This is my main criticism - it is a type of hyper-illumination.

BUT then you wrote:

"However, a combination of lights and speedbumps, however, make this solution quite brilliant indeed."

WHAT if people expect lights AND speedbumps? Do you see how many cars are not slowed by speedbumps?

The responsibility here is not being put on the drivers as much as it being put on the road. That is fine and may work, but there is a distinction. Putting the responsibility on the driver would include an impossibility to go fast near a cyclist, rather than a heavily-marketed direction. But again, this solution (perhaps enabled by GPS etc.) only works where it is installed.

Mikael said...

Sharper, steeper speed bumps.

Edward Scoble said...

Loved the idea, but doesn't that just add more light pollution in an already bright cities? i.e. too many bright red, white, amber green light all over the place sporadically.

Tucker said...

We have finally been getting something like this for pedestrians, except the lights are mounted on the sign posts rather than at ground level. I would love to see more, and ones for bike crossing too.

Frits B said...

As GIF says, this is an overload of visual signals. When the novelty wears off, people - read drivers - will no longer consciously look out for crossing cyclists.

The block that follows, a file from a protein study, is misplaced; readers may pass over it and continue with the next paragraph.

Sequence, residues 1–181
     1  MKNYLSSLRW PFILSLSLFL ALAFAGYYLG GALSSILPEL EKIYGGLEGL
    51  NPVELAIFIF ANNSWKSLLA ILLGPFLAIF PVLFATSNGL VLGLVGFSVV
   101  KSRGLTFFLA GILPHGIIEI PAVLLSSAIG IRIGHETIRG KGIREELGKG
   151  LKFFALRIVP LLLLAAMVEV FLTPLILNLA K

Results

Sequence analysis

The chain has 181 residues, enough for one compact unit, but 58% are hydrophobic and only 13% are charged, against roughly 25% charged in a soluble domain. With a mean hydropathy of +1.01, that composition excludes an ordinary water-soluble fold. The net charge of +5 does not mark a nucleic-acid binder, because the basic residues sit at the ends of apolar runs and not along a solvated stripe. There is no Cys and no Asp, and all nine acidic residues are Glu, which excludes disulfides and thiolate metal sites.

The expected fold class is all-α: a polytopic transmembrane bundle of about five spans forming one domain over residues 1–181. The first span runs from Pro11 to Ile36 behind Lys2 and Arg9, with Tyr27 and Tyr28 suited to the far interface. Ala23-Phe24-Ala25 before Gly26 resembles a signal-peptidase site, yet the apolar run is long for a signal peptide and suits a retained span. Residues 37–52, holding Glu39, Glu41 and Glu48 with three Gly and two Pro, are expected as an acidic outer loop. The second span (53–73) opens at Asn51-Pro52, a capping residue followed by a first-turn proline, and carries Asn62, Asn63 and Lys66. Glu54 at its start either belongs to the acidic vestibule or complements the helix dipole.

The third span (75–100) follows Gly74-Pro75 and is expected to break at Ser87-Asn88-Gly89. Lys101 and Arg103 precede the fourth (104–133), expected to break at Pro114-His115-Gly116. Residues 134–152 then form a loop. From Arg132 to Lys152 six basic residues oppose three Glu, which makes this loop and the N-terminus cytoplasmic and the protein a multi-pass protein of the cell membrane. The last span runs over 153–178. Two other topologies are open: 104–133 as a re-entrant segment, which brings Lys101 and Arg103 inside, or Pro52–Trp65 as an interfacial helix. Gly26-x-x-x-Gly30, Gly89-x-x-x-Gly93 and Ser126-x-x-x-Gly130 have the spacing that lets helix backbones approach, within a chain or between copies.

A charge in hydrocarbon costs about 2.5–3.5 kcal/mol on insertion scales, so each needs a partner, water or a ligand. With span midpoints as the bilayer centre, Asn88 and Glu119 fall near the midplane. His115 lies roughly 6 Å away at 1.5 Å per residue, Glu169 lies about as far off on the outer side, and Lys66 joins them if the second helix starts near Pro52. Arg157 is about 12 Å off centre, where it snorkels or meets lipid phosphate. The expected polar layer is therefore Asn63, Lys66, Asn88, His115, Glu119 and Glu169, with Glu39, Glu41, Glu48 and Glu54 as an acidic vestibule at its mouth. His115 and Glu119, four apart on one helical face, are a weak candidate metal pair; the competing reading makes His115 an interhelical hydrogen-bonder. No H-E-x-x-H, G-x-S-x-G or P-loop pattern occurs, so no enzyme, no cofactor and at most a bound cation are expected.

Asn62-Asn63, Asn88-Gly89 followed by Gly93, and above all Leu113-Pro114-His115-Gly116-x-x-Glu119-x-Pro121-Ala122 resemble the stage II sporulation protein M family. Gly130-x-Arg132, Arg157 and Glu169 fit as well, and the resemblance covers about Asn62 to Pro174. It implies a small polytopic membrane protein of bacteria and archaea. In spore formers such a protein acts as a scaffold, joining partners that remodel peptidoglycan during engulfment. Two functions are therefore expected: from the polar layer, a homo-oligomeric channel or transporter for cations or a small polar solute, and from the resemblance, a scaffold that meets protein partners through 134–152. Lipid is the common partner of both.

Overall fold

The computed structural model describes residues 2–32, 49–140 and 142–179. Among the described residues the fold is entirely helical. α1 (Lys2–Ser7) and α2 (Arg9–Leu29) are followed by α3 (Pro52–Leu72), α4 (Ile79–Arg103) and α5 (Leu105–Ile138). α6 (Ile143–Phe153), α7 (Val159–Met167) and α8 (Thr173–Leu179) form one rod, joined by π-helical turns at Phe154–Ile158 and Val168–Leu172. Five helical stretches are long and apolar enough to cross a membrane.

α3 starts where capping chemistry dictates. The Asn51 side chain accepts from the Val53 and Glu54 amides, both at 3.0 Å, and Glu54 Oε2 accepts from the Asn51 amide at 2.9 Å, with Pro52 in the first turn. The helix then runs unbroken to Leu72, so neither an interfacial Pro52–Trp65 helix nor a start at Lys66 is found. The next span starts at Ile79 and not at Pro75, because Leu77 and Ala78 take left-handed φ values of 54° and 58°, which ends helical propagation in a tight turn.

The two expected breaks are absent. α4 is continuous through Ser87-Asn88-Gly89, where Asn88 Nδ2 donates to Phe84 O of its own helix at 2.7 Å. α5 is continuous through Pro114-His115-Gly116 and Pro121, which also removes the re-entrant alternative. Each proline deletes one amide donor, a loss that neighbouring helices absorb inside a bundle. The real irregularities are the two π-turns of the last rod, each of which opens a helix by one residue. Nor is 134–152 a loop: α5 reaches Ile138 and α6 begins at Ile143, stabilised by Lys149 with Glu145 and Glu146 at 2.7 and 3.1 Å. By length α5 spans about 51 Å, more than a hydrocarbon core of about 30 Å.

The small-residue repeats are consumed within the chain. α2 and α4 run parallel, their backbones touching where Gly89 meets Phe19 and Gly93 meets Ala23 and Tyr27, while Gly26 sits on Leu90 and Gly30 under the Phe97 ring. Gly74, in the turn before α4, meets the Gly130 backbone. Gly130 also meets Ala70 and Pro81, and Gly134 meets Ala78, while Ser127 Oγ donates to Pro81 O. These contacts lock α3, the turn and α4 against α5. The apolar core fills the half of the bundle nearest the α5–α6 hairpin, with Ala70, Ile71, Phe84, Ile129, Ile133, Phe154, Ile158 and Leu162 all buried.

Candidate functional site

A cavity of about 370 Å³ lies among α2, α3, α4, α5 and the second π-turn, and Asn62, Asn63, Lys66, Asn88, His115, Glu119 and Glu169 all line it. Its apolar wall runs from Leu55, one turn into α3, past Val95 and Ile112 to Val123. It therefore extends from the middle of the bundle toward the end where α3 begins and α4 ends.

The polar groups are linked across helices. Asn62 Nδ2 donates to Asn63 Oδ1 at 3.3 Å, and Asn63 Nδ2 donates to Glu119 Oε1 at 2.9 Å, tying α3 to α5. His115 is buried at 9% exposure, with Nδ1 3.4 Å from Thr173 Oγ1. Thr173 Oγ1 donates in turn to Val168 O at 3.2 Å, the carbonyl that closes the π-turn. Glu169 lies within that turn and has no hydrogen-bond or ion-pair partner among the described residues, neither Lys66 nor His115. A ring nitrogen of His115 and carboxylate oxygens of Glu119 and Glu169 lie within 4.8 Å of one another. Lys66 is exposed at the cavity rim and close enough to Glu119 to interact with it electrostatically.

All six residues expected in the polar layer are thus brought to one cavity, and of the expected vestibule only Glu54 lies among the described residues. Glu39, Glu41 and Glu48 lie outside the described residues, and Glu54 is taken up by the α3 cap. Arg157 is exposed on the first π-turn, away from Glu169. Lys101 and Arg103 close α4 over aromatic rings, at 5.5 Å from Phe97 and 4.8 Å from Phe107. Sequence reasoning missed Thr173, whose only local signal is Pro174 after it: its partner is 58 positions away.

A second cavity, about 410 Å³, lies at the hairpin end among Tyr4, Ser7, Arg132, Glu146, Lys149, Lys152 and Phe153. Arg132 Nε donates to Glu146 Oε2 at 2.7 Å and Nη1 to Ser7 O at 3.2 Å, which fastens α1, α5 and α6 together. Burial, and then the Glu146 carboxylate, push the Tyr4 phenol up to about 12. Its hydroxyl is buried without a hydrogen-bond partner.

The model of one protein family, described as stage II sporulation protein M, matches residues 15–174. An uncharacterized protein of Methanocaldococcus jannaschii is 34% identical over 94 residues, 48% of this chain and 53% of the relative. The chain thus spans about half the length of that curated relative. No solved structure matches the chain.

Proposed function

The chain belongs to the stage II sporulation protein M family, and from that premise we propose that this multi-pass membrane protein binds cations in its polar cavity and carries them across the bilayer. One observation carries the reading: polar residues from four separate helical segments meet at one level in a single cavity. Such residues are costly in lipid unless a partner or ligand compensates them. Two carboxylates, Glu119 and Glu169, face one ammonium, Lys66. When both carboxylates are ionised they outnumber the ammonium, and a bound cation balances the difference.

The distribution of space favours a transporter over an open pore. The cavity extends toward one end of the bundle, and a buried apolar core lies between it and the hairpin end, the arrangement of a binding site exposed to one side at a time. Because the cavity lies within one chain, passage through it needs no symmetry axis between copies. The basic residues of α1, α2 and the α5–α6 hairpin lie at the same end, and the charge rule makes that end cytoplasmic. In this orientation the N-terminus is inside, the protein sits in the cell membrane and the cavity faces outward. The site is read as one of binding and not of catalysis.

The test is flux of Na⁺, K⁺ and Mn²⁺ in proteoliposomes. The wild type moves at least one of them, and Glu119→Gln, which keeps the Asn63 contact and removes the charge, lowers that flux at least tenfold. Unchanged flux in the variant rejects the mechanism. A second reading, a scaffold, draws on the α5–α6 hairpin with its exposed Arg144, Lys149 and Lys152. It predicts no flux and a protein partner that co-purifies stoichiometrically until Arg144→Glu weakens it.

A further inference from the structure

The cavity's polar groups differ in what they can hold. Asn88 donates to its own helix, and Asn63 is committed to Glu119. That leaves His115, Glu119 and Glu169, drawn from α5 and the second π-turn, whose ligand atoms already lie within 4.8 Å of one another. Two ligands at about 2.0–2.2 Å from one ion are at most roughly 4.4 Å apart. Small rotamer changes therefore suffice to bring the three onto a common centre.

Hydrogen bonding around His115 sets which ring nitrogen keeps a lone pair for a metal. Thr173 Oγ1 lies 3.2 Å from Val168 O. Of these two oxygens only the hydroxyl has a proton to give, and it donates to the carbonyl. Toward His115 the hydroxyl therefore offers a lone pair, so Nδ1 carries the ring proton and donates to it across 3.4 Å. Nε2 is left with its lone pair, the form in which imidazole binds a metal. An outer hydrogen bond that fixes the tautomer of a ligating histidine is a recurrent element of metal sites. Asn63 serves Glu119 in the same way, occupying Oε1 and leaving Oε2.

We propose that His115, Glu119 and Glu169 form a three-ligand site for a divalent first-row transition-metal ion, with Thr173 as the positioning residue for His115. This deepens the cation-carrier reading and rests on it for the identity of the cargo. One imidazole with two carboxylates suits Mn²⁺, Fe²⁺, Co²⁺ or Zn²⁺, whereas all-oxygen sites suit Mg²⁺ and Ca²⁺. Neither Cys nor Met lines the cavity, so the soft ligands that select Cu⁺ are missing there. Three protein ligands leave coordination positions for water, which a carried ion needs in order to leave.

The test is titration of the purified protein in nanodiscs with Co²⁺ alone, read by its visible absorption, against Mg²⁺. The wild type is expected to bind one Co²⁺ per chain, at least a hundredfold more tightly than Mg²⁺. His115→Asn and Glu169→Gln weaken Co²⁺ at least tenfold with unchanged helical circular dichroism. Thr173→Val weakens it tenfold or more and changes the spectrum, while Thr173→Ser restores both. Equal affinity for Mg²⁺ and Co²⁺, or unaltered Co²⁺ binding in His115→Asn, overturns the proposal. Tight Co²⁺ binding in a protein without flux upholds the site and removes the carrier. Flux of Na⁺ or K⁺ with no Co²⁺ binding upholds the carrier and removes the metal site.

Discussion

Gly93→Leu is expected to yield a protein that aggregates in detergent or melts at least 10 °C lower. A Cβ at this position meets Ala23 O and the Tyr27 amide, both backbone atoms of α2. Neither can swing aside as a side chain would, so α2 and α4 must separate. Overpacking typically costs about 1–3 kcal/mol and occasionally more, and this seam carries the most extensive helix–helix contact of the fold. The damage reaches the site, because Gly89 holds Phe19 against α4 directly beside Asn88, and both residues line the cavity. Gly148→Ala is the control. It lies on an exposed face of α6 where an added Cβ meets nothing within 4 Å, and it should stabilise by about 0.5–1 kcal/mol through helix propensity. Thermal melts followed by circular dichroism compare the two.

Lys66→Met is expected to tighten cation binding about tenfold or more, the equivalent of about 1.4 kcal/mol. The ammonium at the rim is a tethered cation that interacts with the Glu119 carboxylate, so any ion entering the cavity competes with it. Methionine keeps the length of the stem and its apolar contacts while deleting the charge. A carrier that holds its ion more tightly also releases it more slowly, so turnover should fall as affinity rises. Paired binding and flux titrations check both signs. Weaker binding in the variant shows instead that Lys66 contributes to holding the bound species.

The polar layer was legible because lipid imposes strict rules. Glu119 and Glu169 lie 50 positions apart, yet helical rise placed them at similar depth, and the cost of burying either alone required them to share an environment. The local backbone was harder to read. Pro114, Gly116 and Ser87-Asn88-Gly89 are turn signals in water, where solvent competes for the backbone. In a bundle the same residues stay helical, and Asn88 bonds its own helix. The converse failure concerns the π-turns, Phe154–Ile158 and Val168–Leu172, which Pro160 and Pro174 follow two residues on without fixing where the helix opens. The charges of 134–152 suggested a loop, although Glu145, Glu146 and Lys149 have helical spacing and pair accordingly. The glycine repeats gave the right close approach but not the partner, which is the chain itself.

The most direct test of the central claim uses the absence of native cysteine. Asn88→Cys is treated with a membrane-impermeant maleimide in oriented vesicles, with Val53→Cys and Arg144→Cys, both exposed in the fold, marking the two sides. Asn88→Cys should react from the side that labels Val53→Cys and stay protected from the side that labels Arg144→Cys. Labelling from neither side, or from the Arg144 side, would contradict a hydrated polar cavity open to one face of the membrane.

Interestingly, a note in Dutch following this article says that this solution to keep accidents at bay at the Nansenplein in Goes was chosen because a cycle tunnel would be too costly, at 7 million Euro. I wonder what the cost of this illumination is?

I live on a busy road, next door to a hospital with a complicated crossing. At the moment this is regulated by traffic lights which cause long waiting times and tailbacks. This year the entire crossing will be redesigned with tunnels under the main road for crossing cars and cyclists. That I think is a better way to keep things safe, even when the initial outlay may be higher.

Daniel Sparing said...

In fact, Sustainable Safety is not a general term, but the name of the leading Dutch concept for safe road design and other educational etc. principles, which leads to the safest roads on earth.

Otherwise, I do not like this LED solution at all: drivers should drive slow enough to recognize pedestrians and cyclists with their own naked eye.

This is not scalable: installing LEDs here leads to drivers requiring and expecting them at other locations. And what about when there are (luckily) a lot of cyclists? Then we have christmas lights the whole year?